‘Losing Alice’ and ‘Reunions’ review: Family Dramas, Shady and Sunny
“Losing Alice” (starts Friday, AppleTV), a gripping story of ambition, struggles for success and many other kinds of psychological hunger, begins like many dark stories – with a fateful encounter between strangers on a train. Hitchcock will come to mind. What he does is a testament to the strong smell of menace that can arise in this eight-part Israeli series – even the obvious delight of a fresh-faced young woman in recognizing her longtime idol, director Alice Ginor.
She is played by an always fascinating Ayelet Zurer: the show is all hers. The young woman, who goes by the name of Sophie Marciano (Lihi Kornowski), explains everything that Alice’s films have meant to her. All of this Alice is happy enough to hear, although she also sounds like someone who would be happy to end the conversation and start reading her cell phone again. The authenticity of this opening scene is promising. Gradually, Sophie, always chatty about her dedication, becomes a little less endearing. “I wondered where you went,” she tells Alice, who needn’t remind her that her film-making efforts are scarce now. She teaches, edits scripts and advertisements, explains Alice, and she has a family.
Starts Friday, Apple TV
Monday, Acorn TV
And now she’s about to get busy, she learns, dealing with Sophie, who just dropped the news that she herself wrote a movie script and would love nothing more than for Alice’s husband, David (Gal Toren), a leading actor, to star there. Alice learns this on the train while holding an unlockable bathroom door shut for Sophie, who has dragged her idol into performing this duty without hesitation – a reminder of her youth: she is 24 years old. That’s the end of any suspicion that this relationship might echo that of “All About Eve.” Although this is only the beginning of Sophie’s entry into Alice’s life and career.
There are good reasons, as the story unfolds, for an inclination to find the familiar, a pattern to relate to. For it turns out that there is, in “Losing Alice” – which bills itself as a psychological thriller – a regular infusion of illusory events and other elements intended to deepen the mystery of this tale, many of which simply flatten out. the story in little dots of confusion, as gaudy companies like this tend to do.
Between these small points, fortunately, a rich drama emerges from the ambition and the passion for success, not only in Alice but in the world of filmmakers in which she travels. (The series is the creation of Sigal Avin.) The tone is supported by humor at its best, and unsurprisingly, in the more erotic scenes. Those which force Alice – who was named director of Sophie’s film – to direct her husband making intimate love with a beautiful young woman. One of them leads to an unmistakable moment of revelation when Alice, a cool and sophisticated professional, slams “Cut!” Why cut, her always patient and honest husband wants to know – what’s wrong with the scene? Do it again, he told her. The actors kiss again and again, the director slams “Cut!” At this moment, David is livid and howls; the director can’t tell him what’s wrong with the take. Everyone will have guessed – it is unbearable for her.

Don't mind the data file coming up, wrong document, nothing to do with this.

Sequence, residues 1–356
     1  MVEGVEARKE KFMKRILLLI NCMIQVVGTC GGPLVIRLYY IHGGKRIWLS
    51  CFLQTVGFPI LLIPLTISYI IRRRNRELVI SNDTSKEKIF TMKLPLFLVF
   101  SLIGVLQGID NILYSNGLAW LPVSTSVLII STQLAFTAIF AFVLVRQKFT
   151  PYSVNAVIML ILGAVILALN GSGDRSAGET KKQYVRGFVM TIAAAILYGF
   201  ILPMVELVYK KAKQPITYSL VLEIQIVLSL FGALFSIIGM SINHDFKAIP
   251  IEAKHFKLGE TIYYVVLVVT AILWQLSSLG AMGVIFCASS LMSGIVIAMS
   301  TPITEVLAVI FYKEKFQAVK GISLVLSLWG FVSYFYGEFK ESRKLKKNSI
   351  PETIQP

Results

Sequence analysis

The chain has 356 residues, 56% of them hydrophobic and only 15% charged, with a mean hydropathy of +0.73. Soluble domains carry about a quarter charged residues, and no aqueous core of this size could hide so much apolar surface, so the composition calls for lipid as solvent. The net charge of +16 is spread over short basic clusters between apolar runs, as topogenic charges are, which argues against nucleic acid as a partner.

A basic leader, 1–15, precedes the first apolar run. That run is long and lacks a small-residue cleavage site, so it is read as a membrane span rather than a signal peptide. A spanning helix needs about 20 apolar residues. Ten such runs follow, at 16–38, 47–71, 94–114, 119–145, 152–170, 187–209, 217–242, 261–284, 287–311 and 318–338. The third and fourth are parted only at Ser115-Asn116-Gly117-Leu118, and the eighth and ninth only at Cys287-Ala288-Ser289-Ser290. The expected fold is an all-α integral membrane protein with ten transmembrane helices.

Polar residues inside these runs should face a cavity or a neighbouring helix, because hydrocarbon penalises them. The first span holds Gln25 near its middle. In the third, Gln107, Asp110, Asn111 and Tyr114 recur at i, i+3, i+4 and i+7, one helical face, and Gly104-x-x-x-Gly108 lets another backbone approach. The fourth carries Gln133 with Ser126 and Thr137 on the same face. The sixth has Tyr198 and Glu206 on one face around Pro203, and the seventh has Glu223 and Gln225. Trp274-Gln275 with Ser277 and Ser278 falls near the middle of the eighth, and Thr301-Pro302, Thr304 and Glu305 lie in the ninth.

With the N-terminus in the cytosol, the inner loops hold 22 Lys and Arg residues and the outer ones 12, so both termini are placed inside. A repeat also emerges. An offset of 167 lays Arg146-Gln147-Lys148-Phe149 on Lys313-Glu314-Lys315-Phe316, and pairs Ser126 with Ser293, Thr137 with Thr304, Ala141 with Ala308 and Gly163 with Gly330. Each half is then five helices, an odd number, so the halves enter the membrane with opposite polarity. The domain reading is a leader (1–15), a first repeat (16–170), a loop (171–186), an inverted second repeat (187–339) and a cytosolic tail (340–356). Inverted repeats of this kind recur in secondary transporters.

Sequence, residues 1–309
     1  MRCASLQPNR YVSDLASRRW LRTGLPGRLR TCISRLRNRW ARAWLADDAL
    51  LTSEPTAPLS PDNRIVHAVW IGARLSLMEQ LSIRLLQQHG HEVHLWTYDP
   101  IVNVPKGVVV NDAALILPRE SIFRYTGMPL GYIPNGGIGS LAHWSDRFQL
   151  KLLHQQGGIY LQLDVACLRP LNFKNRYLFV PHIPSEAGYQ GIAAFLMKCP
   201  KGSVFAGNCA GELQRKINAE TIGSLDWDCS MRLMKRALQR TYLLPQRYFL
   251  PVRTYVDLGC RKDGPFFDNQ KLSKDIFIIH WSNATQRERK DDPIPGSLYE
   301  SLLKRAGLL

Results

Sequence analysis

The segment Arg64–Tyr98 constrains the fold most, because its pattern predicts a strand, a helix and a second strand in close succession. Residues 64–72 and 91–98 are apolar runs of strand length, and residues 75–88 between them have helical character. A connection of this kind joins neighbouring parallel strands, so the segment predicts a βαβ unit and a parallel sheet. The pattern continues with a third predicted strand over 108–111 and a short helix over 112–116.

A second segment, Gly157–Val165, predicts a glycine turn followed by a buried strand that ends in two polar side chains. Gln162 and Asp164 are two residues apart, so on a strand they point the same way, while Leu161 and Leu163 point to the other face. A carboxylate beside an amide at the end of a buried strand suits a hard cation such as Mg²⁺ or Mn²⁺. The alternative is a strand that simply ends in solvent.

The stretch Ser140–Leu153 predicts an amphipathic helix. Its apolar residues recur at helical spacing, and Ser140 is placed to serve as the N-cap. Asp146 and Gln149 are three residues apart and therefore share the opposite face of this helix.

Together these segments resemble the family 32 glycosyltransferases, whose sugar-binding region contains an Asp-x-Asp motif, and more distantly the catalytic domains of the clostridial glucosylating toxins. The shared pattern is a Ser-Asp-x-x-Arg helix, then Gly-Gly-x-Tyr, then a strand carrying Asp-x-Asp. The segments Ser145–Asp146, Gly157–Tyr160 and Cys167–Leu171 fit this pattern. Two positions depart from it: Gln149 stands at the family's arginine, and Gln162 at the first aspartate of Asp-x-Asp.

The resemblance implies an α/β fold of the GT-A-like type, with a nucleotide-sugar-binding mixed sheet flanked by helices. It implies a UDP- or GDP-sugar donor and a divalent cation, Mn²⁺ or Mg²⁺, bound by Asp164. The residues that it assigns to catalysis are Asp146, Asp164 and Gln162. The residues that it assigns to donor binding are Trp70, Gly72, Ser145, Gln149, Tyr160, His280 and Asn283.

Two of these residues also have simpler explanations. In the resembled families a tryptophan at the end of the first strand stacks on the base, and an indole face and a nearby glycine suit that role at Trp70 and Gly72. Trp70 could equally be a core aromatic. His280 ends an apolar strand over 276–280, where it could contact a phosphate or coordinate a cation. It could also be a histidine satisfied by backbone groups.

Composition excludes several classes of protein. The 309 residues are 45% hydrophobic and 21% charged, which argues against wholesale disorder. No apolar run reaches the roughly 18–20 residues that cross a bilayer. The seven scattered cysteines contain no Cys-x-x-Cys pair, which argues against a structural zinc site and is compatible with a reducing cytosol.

In its dry and often boisterous way, the series takes a keen look at a small company of filmmakers, but it’s, at its core, pure melodrama whose subjects include a mysterious disappearance, murder, beloved neighbors struggling. to conceive a child, and the family. relationships in general. Among them is the one David has with his ever-present and loving mother (Chelli Goldenberg), who walks into the bathroom to his obvious dismay, where he bathes in the tub. She has cool, warm towels for him, she announces. Why doesn’t she go to bed now, David asks her. But her mother worries about family problems – “such an unhealthy situation”.
The film’s satirical eye is keen. Influenced by Sophie, Alice briefly tries to immerse herself in all the latest cultural rages. She tries out new dance and exercise techniques that promise improvement in mind and spirit – all solemn nonsense that she listens to patiently and is too smart to tolerate.
An immensely convincing drama, even if it is too long, and a heroine who, despite her title, is anything but lost.
Money may be scarce and the future questionable for some new residents of Reunion Island – a French overseas department in the Indian Ocean – but in the darkness of our winter, with turbulence in the air and the US military must guard the country’s government buildings, a visit to Reunion feels like a tonic in six episodes.
In “Meetings” (Monday, AcornTV) The TV series, Newcomers consist of two half-brothers, a black and a white, who meet for the first time, with their families. They are here because the brothers, Jeremy (Loup-Denis Elion) and Antoine (Nicolas Bridet), each inherited half of a hotel on the island from their recently deceased father – a place in dire financial straits. The brothers and their families decide to join forces to try to save the place. How will they manage to do this is a question since most of the family members who arrive have no money and at least one is being chased by a bill collector.
However, the atmosphere is festive, the conversation lively, including those between parents in conflict. Most of all, there’s the look of those trees, skies, and everything in that far place.
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